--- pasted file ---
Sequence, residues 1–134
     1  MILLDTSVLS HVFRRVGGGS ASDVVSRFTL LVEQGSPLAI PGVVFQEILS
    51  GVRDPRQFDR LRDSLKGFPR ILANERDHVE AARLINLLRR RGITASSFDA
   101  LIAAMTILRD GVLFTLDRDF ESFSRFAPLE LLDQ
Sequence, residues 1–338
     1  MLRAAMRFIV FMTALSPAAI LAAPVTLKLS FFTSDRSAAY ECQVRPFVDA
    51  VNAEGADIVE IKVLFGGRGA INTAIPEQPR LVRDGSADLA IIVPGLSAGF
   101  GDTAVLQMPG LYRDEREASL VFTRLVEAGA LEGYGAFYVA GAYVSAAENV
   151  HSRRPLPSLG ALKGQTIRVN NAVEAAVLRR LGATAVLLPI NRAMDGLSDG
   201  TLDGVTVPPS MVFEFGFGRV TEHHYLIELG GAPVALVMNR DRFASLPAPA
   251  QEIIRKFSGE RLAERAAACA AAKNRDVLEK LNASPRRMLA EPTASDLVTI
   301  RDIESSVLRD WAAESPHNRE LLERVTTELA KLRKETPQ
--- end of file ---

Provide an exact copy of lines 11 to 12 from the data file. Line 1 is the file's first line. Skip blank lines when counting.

   251  QEIIRKFSGE RLAERAAACA AAKNRDVLEK LNASPRRMLA EPTASDLVTI
   301  RDIESSVLRD WAAESPHNRE LLERVTTELA KLRKETPQ